Entice (Need, # 3)
By: Carrie Jones
Published: January 3rd 2011 by Bloomsbury' (first published December 14th 2010)
Source: Personal Library
Goodreads description--Zara and Nick are soul mates, meant to be together for ever. But that's not quite how things have worked out. For starters, Nick has gone. He has been taken to the mythical place for warriors known as Valhalla. Zara and her friends might be able to get him back, it's just not going to be easy. Meanwhile a group of evil pixies is devastating Bedford, with more teens going missing every day. An all-out war seems imminent, and the good guys need all the warriors they can find. But even if Zara and her friends do discover the route to Valhalla, there's that other small problem: Zara's been pixie kissed. When she finds Nick, will he even want to go with her? Especially since she hasn't turned into just any pixie... She's Astley's queen.
Mama said, “If you don’t have anything nice to say, then don’t say anything at all.” But where’s the room for constructive criticism in that? I think it’s official that I’m in a reading slump. At least when it comes to YA—which makes me kind of sad. So fair warning: sarcasm, bitterness, frustration, possibly even small spoilers ahead.
Let’s just start with Zara. I was a fan of the first two books in this series. I was a fan of Zara and Nick. Yet in Captivate, Nick dies. Astley comes on the scene and I’m content to move on from Nick. Sad, okay. But I’ve moved on. Then we find out that surprise, surprise, there’s actually a way to save Nick and bring him back from the land of the gods. So what does that mean for Entice? It means the entire book is about a whiny Zara trying to find her way into the land of the gods and “save” Nick while simultaneously losing “good” pixies—meaning pixies aligned with Zara & Astley—a once-bad pixie, and even an unessential character that we might or might not have come to well nothing—she’s just kind of there as a throw away character, and I don’t consider this a spoiler because it was so obvious a 2 year old could have spotted her death coming from a mile away.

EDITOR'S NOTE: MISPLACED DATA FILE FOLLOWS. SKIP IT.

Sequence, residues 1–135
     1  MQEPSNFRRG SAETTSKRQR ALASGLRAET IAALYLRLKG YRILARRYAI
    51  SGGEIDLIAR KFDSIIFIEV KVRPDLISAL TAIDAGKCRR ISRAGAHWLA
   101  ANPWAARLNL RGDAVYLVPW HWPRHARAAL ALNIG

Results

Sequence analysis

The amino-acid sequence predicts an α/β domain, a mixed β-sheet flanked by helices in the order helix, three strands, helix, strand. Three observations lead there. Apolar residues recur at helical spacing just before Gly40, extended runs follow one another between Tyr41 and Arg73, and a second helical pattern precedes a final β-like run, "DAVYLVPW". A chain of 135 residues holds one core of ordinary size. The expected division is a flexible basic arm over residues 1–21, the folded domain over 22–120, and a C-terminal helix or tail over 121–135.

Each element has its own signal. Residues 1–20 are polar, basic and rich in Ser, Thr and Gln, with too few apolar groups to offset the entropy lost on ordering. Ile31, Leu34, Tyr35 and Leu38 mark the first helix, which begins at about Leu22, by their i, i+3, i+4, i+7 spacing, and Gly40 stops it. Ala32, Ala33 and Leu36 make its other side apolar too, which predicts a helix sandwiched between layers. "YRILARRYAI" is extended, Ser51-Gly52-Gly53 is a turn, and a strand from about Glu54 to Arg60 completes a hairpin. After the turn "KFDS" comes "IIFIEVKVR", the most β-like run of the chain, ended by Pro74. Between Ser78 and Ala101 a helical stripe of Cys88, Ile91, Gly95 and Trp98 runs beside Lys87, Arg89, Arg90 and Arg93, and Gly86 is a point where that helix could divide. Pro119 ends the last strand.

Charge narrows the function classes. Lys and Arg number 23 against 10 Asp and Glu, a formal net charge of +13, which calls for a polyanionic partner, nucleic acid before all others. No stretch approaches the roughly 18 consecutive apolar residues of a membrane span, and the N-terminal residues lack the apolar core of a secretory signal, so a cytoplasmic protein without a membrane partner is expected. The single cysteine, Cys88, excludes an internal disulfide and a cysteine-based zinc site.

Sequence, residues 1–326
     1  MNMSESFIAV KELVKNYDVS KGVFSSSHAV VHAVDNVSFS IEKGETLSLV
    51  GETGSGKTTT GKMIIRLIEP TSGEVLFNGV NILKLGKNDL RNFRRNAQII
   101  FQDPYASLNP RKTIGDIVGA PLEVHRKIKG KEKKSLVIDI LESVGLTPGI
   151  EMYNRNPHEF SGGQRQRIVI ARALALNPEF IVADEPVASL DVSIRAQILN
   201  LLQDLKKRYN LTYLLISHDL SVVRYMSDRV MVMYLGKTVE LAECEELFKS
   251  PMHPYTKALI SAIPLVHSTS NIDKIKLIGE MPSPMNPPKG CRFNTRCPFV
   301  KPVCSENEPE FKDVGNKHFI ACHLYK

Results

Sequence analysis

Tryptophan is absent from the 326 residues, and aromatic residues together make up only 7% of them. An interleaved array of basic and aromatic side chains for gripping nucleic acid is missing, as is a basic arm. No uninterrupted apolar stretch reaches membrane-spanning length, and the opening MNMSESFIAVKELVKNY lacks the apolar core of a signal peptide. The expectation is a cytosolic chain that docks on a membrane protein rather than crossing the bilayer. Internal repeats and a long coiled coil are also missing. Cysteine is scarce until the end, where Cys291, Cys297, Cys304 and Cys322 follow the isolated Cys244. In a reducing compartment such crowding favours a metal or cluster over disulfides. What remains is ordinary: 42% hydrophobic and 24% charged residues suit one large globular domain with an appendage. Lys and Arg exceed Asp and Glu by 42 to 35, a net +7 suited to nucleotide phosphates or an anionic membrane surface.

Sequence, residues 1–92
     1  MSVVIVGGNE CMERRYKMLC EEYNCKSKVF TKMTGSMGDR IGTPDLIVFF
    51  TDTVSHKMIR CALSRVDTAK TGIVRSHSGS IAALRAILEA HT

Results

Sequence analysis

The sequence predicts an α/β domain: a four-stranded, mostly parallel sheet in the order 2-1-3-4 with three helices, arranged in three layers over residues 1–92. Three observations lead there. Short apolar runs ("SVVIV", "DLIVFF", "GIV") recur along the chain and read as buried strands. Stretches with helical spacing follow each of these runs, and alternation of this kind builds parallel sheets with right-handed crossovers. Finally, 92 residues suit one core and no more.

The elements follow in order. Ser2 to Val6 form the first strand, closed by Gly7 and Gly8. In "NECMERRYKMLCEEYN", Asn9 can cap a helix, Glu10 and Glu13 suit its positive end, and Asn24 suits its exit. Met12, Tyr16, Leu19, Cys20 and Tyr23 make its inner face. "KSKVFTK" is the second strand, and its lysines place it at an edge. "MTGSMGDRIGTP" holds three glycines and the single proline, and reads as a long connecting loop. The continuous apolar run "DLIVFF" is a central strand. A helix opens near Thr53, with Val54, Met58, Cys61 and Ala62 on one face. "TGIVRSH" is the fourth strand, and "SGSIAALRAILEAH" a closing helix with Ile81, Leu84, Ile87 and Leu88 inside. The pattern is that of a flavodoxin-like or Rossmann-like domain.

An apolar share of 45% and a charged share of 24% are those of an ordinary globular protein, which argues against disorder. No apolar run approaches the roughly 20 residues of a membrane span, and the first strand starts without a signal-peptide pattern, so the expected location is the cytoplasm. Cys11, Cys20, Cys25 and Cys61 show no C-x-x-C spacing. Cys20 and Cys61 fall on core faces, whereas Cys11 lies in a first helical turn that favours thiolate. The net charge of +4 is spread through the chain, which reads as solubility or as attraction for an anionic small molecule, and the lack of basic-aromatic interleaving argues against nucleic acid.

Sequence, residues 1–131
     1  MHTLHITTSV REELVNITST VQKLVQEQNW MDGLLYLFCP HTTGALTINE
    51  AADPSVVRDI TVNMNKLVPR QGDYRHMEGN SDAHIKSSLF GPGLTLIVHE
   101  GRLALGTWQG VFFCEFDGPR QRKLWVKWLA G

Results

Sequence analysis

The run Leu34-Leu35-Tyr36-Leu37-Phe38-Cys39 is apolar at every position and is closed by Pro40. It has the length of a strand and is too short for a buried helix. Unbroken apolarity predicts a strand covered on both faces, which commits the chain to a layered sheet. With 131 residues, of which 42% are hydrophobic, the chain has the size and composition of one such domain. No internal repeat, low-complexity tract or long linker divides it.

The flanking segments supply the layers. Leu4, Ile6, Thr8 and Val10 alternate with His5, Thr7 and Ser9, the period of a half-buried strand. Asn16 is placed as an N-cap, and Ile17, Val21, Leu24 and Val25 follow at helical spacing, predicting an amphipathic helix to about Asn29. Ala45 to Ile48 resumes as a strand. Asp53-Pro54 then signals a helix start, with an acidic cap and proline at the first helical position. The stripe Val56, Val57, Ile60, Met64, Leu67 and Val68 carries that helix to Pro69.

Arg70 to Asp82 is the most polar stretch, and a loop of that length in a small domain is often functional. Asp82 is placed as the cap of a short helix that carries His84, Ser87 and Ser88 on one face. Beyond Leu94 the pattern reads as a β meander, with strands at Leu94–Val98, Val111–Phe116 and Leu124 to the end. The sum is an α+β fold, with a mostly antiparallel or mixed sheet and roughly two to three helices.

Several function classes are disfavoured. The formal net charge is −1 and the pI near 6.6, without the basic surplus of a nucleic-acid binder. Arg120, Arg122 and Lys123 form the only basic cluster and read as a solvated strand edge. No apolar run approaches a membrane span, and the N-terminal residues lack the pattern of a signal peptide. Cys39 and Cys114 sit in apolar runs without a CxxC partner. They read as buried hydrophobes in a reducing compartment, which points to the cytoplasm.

Zara whines and cries and just generally blusters about doing little productive and “squeeing” a lot—yeah that’s right “squee” in several different forms is used multiple times in this book. I find her to be selfish. And probably one of the most annoying aspects of this book is Zara’s “voice.” It’s hard to explain, but she thinks so ????????????? ugh...I don't know, I can't explain it. Ridiculous. And Issie is the same way, only worse. Some people babble and it’s endearing. I don’t find this to be so with Issie. How much of what she says has anything to do with anything that's going on? Not much.
Truthfully the secondary characters really seemed to disappear and not have much purpose in this book. Yet that I could overlook if Zara wasn’t so annoying herself or if we had more time with other characters we could like.
The plot was completely predictable. No twists, no turns, nothing unexpected, and altogether not a lot to get excited about. And not too much to talk about. The addition of Asgard, Odin, Thor, the rainbow bridge, even the one mention of Loki…I found all of that to be a bit cheesy. If Carrie Jones were writing for a different audience, one might call this fan service. And while I’m sure there are female, 13-35 years old, comic book fans, I’m not sure there are enough of them to call this “fan service.” Yeah, I know of these are aspects of ancient Norse mythology, but it's much more commonly known because of comics. I don't know. Plenty of people will probably disagree with me, but that's just how I feel. I wasn't a fan.
In keeping with my “if you don’t have anything nice to say, then don’t say anything at all, except constructive criticism” idea, I say all of that to say, keep out the comic book AND ancient mythology stuff unless you’ve found a way to make it better (or should I say, expounding upon its “cooler” parts), grow Zara or at the very least, please don’t make her experience much more than she’s capable of handling because I don’t really want to hear any more of her whining. Less on the meaningless ramblings and one track minds when it comes to Issie and Zara. More Astley. More character growth for Zara (I already said that, but it's worth a 2nd mention). Even 8/9 year old Arya from George R. R. Martin’s A Song of Fire and Ice reads more grown up than high-school-aged-pixie-queen-Zara. Shoot Dany’s only truly 13/14 years old, and Sansa 11/12 (both characters from A Song of Fire and Ice). I realize we’re talking about different cultures here, but still. I think the point still stands.
I do plan to come back for Endure. Since I liked Need and Captivate much more than Entice, I'm willing to hope this was a fluke. 2 Stars for Entice.
Have you read Entice? What did you think? Completely disagree? Did you love it? Did you hate it? Let me know!